Launched by Georges Matheron at the Mining Bureau of Algeria, then at the BRGM and the CEA, geostatistics has rapidly expanded with the creation of the Centre for geostatistical and mathematical morphology at the Ecole des Mines de Paris in 1967. The strong growth of the centre has led to its division into two new centres, the Centre for Geostatistics and the Centre for Mathematical Morphology.

 From the very start, the aim was to develop theoretical and methodological elements to meet the needs of the industrial world. At the very beginning, applications concerned exclusively mining industry, but they rapidly expanded to oil and other fields as meteorology, sea mapping, halieutics, air, water and soil pollution, etc.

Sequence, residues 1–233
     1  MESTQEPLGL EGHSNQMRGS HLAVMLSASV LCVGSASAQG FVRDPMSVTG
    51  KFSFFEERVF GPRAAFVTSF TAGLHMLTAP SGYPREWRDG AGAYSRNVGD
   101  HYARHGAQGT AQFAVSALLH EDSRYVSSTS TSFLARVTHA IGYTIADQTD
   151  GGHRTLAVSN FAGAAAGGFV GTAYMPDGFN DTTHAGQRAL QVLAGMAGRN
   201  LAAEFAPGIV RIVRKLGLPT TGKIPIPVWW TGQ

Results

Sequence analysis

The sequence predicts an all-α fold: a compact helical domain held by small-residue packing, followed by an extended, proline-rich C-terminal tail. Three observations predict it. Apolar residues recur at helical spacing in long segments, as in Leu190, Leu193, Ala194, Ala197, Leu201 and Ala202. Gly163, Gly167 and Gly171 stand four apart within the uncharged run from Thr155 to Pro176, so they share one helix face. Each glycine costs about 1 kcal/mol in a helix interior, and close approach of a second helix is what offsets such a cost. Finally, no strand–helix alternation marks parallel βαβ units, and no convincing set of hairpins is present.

Theoretically speaking, first and until roughly 1985, geostatistics mainly focused on Gaussian random functions (or linear methods, which take place in a much broader frame, but we know they have good properties in the Gaussian case). Works were then oriented towards non-Gaussian random functions, in particular for the conditional simulation of random sets, for example to represent lithologic facies.

 Over the past decade, works mainly concern coupling with other approaches and application to new fields :

  • geostatistics and data assimilation ;
  • integration of digital simulators in the study of exposure to noise or radio electric waves ;
  • application to polluted soils, air and water quality (with the definition of random functions on a river system) ;
  • stochastic genetic models ;
  • extreme values in a spatial context.